David Ortiz climbed on the chair in front of his locker on Wednesday afternoon shortly after the Red Sox’ game against the Tampa Bay Rays was postponed.
After getting the attention of his teammates, he told them to get out of Fenway Park and go home to rest up for Thursday’s doubleheader.
Ortiz then pulled on a white down vest and took his own advice. He seemed almost relieved there was no game after the frigid conditions the teams played in on Tuesday.
“I’ve never been that cold,” Big Papi said. “I had a single and I swear I left one of my fingers at the plate.”
Ortiz is hitting a modest .250 with five home runs and 14 RBIs for the 13-14 Red Sox. But he believes better times are ahead for he and the team.
“This first month, it was one of those months where a lot of things happened,” Ortiz said. “But I think we’re OK. I don’t think we were that bad. It could be worse. When you look at this division, everybody is in the same boat.”
The Red Sox are 2½ games behind the first-place Yankees with 83 percent of the season left to play. As Ortiz said, it could be worse.
“April is always a tough month. You have to deal with a lot of things,” Ortiz said. “You have to deal with the new faces; you have to deal with the weather; you have to deal with players coming from other leagues. There are a lot of things you have to make adjustments for. I always call April the month of adjustments.
“I think it’s early, especially with the way this division has been. Things have been going back and forth.”
The Sox have won three of four and eight of their last 13 games. Ortiz believes that level of play can continue as Xander Bogaerts, Jackie Bradley Jr., and A.J. Pierzynski get increasingly comfortable. Bogaerts and Bradley are rookies and Pierzynski is the team’s new catcher.
“We have two young talented players that are learning. This game is a learning process,” Ortiz said. “I know it’s going to get better because they’re very talented and they’re making their adjustments. That normally happens.
“In Pierzynski’s case, he’s been outstanding. He’s a good catcher, man. There’s a reason he’s been around for so long and been a starting catcher everywhere he goes. He knows how to call games, he knows how to keep his ground covered, and he’s a good hitter. That’s a combination that is hard to find. Good catcher with a good bat. He’s one of them.”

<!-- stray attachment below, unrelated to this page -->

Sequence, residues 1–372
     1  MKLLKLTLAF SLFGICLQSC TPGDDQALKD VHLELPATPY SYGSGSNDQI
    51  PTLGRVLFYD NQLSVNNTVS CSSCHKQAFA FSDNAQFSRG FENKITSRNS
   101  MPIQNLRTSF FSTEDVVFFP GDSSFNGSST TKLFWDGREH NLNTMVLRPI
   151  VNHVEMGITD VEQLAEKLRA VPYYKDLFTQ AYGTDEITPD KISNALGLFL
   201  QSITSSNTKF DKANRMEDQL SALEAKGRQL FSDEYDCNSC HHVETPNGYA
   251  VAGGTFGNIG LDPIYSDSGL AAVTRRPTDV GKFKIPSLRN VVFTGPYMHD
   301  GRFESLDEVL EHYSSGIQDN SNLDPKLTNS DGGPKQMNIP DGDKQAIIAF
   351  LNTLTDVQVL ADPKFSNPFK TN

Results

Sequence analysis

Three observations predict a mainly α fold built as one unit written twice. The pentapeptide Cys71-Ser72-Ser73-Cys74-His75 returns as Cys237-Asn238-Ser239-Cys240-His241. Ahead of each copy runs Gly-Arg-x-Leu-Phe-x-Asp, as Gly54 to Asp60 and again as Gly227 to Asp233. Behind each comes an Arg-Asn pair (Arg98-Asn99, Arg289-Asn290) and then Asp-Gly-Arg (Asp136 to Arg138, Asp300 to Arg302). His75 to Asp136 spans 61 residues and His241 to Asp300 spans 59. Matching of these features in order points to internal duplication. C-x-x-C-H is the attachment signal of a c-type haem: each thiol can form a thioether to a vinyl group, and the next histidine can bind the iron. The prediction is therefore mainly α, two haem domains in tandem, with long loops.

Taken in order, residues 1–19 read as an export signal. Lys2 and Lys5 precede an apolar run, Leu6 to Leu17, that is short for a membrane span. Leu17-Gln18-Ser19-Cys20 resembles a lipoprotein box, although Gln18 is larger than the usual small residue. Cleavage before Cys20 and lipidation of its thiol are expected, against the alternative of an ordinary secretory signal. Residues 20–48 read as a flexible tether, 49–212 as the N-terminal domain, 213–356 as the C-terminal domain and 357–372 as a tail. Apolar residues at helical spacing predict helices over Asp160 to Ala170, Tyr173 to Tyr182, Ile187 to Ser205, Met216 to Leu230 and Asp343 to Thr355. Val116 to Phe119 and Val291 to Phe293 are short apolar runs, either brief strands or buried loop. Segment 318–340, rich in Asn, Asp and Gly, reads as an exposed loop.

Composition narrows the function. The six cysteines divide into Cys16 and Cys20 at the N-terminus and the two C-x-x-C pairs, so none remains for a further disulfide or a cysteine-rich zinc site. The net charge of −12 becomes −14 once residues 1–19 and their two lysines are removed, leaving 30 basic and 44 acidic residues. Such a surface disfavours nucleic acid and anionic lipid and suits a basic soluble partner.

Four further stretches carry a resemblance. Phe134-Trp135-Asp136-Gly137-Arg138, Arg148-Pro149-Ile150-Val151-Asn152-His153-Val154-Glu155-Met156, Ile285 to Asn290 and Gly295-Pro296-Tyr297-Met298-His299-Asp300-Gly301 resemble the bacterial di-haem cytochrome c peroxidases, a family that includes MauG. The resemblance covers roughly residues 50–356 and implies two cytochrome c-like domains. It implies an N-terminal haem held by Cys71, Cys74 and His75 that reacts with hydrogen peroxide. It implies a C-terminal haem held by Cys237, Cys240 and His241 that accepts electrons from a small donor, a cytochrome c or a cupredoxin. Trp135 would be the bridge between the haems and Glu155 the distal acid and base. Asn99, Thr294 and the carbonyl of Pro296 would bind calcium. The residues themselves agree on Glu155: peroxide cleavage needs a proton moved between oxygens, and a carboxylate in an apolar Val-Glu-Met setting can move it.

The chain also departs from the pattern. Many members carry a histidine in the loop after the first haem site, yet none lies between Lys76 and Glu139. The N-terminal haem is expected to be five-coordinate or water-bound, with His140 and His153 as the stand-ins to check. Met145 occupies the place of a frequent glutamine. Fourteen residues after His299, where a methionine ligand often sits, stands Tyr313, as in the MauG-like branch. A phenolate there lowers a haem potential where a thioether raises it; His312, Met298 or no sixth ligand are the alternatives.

Ortiz hit .309 last season with a .959 OPS. Getting back to that level, he predicted, is a matter of time.
“I’m OK,” he said. “You have to go back to the old pages and be a little bit more patient. It’s very obvious that everybody likes to pitch around me and try to get me chasing pitches out of the strike zone. But I know how to do that.”
The 38-year-old Ortiz has 378 home runs with the Red Sox, one shy of matching Dwight Evans for fourth place in team history. He needs five to pass Jim Rice for third place. As seemingly each day passes, Ortiz adds to the bold print of his career.
“It’s great, man. You’re talking about some of the greatest players that every played here,” Ortiz said. “Your name gets mentions with those players, it’s an honor. In my case, I just keep on playing the game and try to keep on winning and whatever happens happens.”
Ortiz is signed through the 2015 season with team options for two years beyond that.
“I’m going to keep playing as long as I can keep doing my thing,” he said. “The contract talk is not going to be there much longer. If I’m playing, I’ve got a contract. If I’m not playing, I go home.”
Ortiz is not yet satisfied with the effort of the team.
“There’s a way that we have to continue to climb and get better,” he said.
Better weather would help.
“Mother Nature, what’s going on? It will go away. It’ll probably be a week before we go into baseball weather,” he said. “The weather heat up, Papi heat up.
“I hit a ball [Tuesday] night, I feel like I want to cry. It was so cold, man. But it is what it is. You don’t want to use the weather as an excuse but it is an excuse because you don’t play the same way in the cold weather. We’re going to get there.”